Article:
By now you have probably heard that SoftBank has purchased ARM Holdings for close to $32 billion.
Some years ago, Masayoshi Son, chairman and CEO of SoftBank, appeared at one of Phoenix Technologies' annual conferences. He had made noise some years earlier for buying Comdex and announcing his 300-year plan for SoftBank, and told a wild story about his efforts to break into Japan's very closed telecom sector.
At the time, SoftBank wanted to own a network and become a pipeline to deliver broadband services there. But the Japanese telecom industry was an "old boys club," and the higher-ups wanted to keep it that way.
For two years, Masayoshi Son sought meetings with a top government telecom official and explained the need for more competition to keep prices down. But he was always rebuffed and didn't get anywhere.
Then one day he barged into the office of this telecom official with a can of gasoline. In very blunt terms, he threatened to light the gas on fire if the official did not agree to a more competitive telecom environment. (As he was telling this story, the audience was dying with laughter.)
As expected, the official became quite alarmed, and assured Son that he would act on his request. Within six months, Japan opened up the telecom regulations enough for him and SoftBank to become a telecom provider. Today, SoftBank is one of the largest providers of cellular networks and broadband services in Japan and helps Japan deliver competitive services at reasonable prices.
That day I learned that if Son has a vision for something, he will stop at nothing to make it part of a SoftBank solution. He is a tenacious visionary.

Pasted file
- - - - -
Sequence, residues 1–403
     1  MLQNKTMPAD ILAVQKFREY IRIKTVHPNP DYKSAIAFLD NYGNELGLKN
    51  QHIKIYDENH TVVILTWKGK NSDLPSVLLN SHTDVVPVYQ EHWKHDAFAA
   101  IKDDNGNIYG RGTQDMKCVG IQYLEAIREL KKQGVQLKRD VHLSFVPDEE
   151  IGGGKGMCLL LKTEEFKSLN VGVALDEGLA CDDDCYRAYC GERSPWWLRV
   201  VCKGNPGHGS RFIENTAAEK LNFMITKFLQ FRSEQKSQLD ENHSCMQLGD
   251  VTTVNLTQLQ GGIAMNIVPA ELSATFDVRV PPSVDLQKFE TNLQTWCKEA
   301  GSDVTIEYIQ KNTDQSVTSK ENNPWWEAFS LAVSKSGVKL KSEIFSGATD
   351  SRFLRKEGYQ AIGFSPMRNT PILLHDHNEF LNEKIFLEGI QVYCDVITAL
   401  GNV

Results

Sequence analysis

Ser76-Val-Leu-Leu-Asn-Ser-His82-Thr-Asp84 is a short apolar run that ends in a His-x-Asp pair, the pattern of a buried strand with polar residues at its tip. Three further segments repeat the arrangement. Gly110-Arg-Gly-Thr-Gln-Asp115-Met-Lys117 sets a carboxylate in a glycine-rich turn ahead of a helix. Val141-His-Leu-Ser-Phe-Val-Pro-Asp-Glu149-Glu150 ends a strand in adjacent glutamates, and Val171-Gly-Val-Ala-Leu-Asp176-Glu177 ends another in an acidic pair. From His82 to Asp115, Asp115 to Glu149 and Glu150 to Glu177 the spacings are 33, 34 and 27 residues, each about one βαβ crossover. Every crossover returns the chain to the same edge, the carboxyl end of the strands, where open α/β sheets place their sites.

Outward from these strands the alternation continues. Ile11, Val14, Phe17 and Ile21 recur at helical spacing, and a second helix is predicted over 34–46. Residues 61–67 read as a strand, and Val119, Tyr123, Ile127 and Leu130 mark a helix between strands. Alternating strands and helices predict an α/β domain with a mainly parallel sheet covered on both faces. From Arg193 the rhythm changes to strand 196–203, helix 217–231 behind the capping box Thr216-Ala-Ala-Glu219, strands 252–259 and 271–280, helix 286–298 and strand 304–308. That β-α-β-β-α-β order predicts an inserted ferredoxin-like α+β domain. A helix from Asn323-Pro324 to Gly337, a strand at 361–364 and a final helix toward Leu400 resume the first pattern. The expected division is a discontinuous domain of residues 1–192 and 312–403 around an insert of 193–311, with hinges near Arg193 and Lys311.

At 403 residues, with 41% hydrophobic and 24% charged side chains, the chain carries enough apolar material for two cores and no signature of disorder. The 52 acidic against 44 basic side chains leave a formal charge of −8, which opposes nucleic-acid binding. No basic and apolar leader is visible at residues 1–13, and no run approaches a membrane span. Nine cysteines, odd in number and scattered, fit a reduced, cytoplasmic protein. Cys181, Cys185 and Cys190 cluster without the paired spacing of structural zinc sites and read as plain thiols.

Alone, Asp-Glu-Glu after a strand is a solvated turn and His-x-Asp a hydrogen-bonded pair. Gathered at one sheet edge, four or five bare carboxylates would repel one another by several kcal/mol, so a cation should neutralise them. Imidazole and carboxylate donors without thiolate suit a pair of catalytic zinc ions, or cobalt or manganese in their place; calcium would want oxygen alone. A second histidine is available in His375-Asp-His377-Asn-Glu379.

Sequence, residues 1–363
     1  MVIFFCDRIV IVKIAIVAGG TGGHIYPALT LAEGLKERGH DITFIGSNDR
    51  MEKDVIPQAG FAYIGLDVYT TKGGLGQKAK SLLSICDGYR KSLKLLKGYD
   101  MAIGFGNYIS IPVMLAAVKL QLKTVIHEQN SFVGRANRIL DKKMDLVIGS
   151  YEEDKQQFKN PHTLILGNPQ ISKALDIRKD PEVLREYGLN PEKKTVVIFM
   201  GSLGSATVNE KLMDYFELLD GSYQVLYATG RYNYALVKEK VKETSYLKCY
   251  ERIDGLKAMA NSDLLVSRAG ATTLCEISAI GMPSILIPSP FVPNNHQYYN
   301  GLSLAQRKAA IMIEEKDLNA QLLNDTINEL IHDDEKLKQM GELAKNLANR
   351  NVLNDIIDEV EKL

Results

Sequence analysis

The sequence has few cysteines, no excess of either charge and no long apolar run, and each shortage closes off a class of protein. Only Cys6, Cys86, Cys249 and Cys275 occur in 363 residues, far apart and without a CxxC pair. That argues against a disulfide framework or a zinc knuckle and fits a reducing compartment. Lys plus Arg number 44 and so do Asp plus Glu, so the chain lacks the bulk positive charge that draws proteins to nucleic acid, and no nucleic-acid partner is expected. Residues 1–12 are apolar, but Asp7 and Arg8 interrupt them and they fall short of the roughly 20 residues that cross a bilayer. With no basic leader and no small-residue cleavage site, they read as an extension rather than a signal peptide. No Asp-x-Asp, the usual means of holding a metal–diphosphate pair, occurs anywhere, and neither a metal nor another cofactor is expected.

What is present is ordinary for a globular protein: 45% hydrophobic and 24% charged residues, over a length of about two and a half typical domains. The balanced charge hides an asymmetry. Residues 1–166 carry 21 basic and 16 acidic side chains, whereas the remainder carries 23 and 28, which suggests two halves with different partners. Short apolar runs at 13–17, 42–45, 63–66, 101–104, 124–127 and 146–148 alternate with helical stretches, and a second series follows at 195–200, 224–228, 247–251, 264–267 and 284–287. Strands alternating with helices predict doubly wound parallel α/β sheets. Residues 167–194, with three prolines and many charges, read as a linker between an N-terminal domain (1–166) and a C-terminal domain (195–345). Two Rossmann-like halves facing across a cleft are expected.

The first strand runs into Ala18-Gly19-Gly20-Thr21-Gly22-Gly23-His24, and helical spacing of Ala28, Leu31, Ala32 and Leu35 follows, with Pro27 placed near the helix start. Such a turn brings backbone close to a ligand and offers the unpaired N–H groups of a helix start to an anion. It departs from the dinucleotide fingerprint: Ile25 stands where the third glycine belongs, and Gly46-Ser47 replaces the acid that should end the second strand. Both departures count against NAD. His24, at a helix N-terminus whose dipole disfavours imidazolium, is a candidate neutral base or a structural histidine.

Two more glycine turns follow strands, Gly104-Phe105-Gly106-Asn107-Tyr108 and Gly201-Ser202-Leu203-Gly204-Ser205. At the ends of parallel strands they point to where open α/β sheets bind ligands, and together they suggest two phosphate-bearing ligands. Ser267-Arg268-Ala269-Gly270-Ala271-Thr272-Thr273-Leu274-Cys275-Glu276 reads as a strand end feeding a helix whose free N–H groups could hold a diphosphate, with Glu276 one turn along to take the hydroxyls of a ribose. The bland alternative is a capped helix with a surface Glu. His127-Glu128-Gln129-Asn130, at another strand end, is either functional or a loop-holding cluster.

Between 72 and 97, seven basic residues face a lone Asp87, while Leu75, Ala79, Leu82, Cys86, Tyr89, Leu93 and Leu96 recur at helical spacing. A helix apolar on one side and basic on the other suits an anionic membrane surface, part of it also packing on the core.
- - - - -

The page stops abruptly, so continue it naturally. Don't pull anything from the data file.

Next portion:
So when I heard that he acquired ARM, I was not surprised. In fact, I am no longer surprised by anything he does. Clearly, he sees how ARM fits into SoftBank's vision.
His main interest is making ARM technology the central CPU for billions of Internet of Things devices in the future. SoftBank already owns a telecom network in Japan and Sprint in the US, and understands that these networks and others will become a major conduit for interacting with and delivering data to IoT devices.
- Softbank Buying ARM Is a Bad Idea for Everyone
SoftBank also owns major content sites and key applications that, if tuned properly based on the needs or roles of any IoT device, could help give SoftBank an edge over competitors in the future.
I see this move by SoftBank having a serious impact in the tech industry in a couple of interesting ways.
- A SoftBank-backed ARM will only become more aggressive in going after customers that Intel and others also want in the world of IoT. Although Intel is the most direct competitor for IoT Core CPUs, SoftBank and Masayoshi Son's goal will be to own as much of the IoT CPU space he can.
- SoftBank is a highly profitable company. Much of ARM's current per-CPU prices are pretty low and in most cases very aggressive. I have to believe that in the future, ARM's per-CPU prices could go up to help SoftBank's bottom line. If so, any upward pricing changes from ARM would have various ramifications for users of ARM chips as their own profitability could be challenged over time.
- An interesting side note: Son was very close to Steve Jobs and still has a very close relationship with Apple execs. His stance on Apple has been very bullish; he likes its branding and positioning. It will be interesting to see if an ARM acquisition by SoftBank will perhaps give Apple early access to new tech from ARM or any other preferential treatment.
- ARM's founder, Herman Houser, was highly disappointed in the SoftBank acquisition. ARM is the crown jewel in UK tech circles; the UK government, the Queen, and UK tech execs are extremely proud of this homegrown company and its impact on the world of semiconductors. Keep in mind ARM sold 15 billion chips alone last year, making this UK company the No. 1 semiconductor maker in terms of units shipped in the world. I know that SoftBank will allow ARM to keep the same management and its headquarters in the UK and says it will double UK staff in the future. But this is now a Japanese-owned company, and Son and his execs will make it in their own image and culture over time. I have no doubt that if profits sag for any reason, it will become more and more influenced by SoftBank's management and the current leaderships positions could be in jeopardy. I also think that some of its top talent will eventually jump ship to new ventures and present a challenge to ARM's engineering prowess in the future.